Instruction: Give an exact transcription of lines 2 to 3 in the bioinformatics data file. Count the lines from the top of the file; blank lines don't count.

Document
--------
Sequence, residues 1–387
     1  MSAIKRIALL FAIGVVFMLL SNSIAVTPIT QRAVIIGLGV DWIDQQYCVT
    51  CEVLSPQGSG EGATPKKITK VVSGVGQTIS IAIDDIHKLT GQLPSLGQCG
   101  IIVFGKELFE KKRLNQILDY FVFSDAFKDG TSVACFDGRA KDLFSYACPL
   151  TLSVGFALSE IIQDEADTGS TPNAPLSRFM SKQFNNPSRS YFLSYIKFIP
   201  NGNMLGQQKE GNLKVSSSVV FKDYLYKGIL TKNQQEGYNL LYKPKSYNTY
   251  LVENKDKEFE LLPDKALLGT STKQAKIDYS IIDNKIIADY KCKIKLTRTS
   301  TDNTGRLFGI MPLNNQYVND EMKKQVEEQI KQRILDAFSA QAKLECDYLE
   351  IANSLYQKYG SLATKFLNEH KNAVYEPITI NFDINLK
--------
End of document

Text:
     1  MSAIKRIALL FAIGVVFMLL SNSIAVTPIT QRAVIIGLGV DWIDQQYCVT
    51  CEVLSPQGSG EGATPKKITK VVSGVGQTIS IAIDDIHKLT GQLPSLGQCG